This is untrue in many macro and micro scales, furthermore it ignores that the degree of poverty is often a contributive cause toward freedoms and the lack of it, etherby mitigating against the opposite stream of influence.

Frankly, I think this statement is pretty much a falsehood, but would love to see evidence to the contrary.

Quote:
And as we seem to find more democratic/free trade governments in the temperate zones and mostly oppressive authoritarian governments in the equator regions, all this would follow the original theory though not perfectly of course. Or am I misreading the picture?


Consider just one thing before you evaluate whether you have misread the picture or not.

How much thought have you given to the possibility that poverty has as much influence on governance as governance on poverty?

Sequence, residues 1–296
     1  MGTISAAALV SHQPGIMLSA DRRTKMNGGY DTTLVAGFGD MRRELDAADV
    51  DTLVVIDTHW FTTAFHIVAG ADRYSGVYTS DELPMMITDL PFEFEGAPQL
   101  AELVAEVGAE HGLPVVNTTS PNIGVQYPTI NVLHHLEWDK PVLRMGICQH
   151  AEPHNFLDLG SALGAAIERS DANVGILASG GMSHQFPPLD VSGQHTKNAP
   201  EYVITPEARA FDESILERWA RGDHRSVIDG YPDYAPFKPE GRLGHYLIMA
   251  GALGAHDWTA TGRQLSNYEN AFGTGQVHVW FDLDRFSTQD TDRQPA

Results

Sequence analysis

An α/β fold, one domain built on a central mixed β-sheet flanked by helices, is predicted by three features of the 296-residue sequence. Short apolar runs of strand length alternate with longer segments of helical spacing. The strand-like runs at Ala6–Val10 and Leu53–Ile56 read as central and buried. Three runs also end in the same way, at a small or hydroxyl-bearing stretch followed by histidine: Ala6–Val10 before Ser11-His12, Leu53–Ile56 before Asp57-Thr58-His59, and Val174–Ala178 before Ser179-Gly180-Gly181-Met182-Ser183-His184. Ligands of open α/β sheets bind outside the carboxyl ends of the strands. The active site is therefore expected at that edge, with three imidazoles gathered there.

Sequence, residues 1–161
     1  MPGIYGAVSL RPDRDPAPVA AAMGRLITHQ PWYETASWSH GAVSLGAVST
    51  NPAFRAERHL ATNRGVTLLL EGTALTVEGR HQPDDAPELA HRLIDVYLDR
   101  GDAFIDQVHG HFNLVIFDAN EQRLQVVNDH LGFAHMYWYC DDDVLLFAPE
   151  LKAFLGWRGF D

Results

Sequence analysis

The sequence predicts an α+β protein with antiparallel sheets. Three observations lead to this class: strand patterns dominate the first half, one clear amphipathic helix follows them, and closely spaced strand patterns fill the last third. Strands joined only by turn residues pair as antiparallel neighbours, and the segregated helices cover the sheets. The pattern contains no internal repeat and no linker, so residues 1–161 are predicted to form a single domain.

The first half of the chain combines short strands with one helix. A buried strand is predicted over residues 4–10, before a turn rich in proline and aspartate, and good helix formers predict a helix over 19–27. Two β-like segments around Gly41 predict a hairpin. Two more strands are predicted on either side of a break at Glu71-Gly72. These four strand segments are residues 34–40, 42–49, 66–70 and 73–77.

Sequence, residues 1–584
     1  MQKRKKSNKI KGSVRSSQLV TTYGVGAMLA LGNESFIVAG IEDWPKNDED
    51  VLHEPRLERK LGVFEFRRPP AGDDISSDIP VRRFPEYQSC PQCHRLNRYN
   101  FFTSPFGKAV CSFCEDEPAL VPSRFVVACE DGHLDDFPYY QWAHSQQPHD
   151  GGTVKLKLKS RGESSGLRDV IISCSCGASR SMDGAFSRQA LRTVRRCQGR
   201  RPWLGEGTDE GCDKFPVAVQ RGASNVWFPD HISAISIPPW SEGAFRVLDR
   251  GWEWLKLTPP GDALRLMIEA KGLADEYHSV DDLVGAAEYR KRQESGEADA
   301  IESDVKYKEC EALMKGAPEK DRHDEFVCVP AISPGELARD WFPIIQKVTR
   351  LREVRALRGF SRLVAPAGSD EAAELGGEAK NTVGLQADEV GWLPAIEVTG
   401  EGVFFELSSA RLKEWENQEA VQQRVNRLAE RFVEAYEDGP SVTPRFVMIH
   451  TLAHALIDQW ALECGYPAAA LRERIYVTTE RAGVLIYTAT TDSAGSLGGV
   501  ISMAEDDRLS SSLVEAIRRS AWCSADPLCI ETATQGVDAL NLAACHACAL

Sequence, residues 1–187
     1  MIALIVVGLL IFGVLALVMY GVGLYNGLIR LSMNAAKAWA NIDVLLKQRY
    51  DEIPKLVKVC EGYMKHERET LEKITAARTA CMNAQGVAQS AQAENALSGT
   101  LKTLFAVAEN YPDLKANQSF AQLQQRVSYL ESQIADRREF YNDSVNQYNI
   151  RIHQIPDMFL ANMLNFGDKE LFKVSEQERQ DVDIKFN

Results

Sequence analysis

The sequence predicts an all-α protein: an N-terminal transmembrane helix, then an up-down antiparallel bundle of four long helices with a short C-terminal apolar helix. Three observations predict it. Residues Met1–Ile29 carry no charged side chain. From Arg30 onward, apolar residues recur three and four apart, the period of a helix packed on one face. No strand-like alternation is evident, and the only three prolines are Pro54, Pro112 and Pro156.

If you'd like, I will explain.
0 Replies
 
Debra Law
 
  1  
Reply Thu 29 Jul, 2004 01:15 am
Huh?
Craven de Kere wrote:
This is untrue in many macro and micro scales, furthermore it ignores that the degree of poverty is often a contributive cause toward freedoms and the lack of it, etherby mitigating against the opposite stream of influence.


Ostentatious verbosity and pedantry obfuscate rudimentary manifestations.

In other words, huh?
0 Replies
 
Craven de Kere
 
  1  
Reply Thu 29 Jul, 2004 01:32 am
Sometimes it's murky as opposed to deep, other times the jargon perfectly describes the sentiment and the incomprehension owes to deficiencies in sight on the part of the water's observer.

But I'll expound, and by using more words (verbosity) perhaps clarify it for you.

Do note that exounding would be moving toward verbosity, as opposed to the more succinct original.

See, verbosity has to do with the volume of words, and not their length or complexity of sentence construction. So the difficulty in understanding a concise and presice useage of words is really your complaint about couching it in, perhaps, sesquipedalian or polysyllabic words and not verbosity.

Using words with precision is important to me. My post was succinct, and not verbose. Perhaps it was sesquipedalian but did not represent logorrhea.